On February 10, 2012, Florida Highway Patrolman (FHP) Detrick McClellan was responding to a call about someone throwing rocks from an overpass. He was accelerating without emergency lights on a two-lane road in rural Gadsden County, Florida, west of Tallahassee. He topped 102-mph in his Crown Victoria squad car, and made a 32-mph curve without slowing. McClellan reached the curve, veered off the road, and swerved into the other lane, smashing a Mitsubishi Galant, killing one woman, injuring another, and causing a 12-year-old girl to be hurled from the vehicle through the windshield.
Michelle Campbell, 51, died of injuries hours after the accident. She was returning home from Quincy, Florida after picking up her 12-year-old granddaughter from school. Campbell’s niece, also in the car, suffered serious injuries.
FHP Corporal C. Brooks Yarborough investigated the accident and held McClellan responsible. McClellan was cited with three traffic violations: careless driving, speeding, and failure to use his emergency lights. All are non-criminal traffic infractions punishable by fines. Prosecutors determined that McClellan’s driving did not rise to the level of vehicular homicide, and they refused to file criminal charges.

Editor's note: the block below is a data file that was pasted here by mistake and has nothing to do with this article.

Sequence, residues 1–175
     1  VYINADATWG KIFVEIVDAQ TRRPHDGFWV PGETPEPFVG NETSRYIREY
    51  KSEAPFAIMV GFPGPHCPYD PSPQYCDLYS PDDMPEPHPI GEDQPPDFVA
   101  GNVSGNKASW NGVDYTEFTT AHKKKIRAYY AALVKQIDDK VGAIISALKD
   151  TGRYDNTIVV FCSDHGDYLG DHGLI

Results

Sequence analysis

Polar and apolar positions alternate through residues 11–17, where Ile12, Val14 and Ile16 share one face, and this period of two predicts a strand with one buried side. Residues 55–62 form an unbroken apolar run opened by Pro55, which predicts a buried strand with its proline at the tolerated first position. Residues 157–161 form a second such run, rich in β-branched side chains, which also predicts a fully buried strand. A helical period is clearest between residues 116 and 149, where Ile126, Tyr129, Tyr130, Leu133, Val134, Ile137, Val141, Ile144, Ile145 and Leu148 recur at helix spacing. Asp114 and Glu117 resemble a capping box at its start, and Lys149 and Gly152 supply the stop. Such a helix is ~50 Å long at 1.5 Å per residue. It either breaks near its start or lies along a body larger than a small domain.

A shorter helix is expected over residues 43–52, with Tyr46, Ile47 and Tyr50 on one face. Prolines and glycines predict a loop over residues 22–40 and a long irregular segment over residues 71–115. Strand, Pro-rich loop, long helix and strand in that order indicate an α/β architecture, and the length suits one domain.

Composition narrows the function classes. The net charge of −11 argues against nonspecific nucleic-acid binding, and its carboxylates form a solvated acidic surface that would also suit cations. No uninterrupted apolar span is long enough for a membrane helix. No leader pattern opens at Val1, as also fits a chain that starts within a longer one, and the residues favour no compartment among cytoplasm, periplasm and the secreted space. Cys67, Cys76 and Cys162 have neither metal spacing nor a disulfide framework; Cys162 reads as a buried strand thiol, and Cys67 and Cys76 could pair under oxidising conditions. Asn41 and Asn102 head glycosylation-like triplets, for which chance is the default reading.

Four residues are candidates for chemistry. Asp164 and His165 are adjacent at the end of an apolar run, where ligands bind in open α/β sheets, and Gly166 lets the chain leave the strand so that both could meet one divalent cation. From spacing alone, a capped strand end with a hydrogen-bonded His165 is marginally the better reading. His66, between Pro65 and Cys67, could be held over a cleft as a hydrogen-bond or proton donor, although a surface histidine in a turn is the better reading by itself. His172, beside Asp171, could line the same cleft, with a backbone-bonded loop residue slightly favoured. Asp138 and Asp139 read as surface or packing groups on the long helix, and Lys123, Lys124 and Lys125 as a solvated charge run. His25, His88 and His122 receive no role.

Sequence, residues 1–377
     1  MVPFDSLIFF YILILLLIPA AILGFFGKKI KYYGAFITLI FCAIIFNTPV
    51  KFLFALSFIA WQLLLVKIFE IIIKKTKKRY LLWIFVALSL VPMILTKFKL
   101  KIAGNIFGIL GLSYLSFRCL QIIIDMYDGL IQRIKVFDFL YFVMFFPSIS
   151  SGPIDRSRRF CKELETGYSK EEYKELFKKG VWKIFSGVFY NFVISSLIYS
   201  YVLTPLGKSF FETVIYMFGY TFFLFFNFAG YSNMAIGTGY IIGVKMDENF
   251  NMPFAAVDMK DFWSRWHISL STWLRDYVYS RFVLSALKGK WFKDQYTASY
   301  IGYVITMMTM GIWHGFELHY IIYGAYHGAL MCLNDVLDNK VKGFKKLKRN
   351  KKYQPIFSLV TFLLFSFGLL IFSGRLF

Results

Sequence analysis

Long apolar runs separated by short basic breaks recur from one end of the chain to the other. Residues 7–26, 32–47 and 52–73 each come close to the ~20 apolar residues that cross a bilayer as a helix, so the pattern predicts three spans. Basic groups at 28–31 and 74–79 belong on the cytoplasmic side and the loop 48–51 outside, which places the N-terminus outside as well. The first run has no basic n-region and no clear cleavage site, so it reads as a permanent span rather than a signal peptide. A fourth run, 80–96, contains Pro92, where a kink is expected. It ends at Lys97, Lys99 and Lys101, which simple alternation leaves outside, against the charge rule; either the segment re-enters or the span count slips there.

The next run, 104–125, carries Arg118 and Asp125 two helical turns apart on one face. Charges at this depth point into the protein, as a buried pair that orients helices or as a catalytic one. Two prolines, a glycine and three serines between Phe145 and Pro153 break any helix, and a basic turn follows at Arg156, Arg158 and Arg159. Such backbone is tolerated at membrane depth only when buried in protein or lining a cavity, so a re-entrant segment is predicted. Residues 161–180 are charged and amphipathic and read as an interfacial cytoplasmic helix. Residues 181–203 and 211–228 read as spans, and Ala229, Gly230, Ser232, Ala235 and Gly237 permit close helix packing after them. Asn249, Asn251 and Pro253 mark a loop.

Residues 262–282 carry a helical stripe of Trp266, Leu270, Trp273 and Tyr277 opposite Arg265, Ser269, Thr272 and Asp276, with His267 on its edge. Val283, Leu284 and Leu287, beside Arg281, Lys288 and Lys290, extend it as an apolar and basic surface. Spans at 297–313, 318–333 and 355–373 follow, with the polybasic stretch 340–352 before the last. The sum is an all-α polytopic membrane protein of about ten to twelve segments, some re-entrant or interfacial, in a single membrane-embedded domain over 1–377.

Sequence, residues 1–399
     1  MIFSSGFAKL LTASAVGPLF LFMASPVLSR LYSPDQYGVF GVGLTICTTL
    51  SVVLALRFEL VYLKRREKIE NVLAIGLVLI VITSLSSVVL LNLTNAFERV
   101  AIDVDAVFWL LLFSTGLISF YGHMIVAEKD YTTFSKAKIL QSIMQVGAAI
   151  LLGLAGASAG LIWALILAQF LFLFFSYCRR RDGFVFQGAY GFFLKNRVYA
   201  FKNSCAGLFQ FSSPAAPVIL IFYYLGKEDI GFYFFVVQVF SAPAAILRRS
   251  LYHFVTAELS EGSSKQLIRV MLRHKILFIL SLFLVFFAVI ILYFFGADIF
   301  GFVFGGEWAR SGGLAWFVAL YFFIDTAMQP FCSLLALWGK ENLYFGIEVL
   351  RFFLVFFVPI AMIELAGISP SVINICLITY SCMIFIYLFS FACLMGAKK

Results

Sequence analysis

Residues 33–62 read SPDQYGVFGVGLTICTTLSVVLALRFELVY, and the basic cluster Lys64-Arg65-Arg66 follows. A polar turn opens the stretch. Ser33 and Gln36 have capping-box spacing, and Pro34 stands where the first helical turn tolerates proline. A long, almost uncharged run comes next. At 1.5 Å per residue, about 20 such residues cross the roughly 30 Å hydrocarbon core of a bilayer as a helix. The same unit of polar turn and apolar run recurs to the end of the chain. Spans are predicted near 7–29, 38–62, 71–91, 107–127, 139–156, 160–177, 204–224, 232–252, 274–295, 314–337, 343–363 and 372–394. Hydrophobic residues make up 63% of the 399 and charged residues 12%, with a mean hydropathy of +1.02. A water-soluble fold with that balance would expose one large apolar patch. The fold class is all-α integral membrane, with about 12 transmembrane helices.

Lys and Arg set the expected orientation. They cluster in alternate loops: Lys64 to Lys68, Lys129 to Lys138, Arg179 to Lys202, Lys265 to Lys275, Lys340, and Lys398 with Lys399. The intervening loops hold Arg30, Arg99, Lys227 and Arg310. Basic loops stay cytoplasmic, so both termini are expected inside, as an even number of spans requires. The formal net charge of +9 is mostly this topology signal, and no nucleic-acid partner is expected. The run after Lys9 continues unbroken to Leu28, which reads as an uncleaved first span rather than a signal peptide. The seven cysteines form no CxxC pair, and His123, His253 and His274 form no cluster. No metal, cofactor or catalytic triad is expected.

“He responded to [the call] rapidly because that’s a dangerous thing, rocks hitting cars,” Willie Meggs, state attorney for the circuit that includes Gadsden County, said in an interview with the Sun Sentinel. “We made the conclusion that there was a life lost, but he was trying to save a life.” (Sun Sentinel)
OK, fair enough. We’re understanding with this kind of thing, right? I mean … police officers are our heroes, the ones we can count on to protect us. We understand that they are rushing and struggling with an enormous amount of job-related stress, and every day putting their own lives at risk to perform their duties. It’s horrifying, it’s tragic, but unfortunately accidents occur and almost no one intends for these things to happen. So we may have been inclined to go easy on Mr. McClellan … before we saw what transpired in the courtroom when he reported for a hearing about his citations and the accident.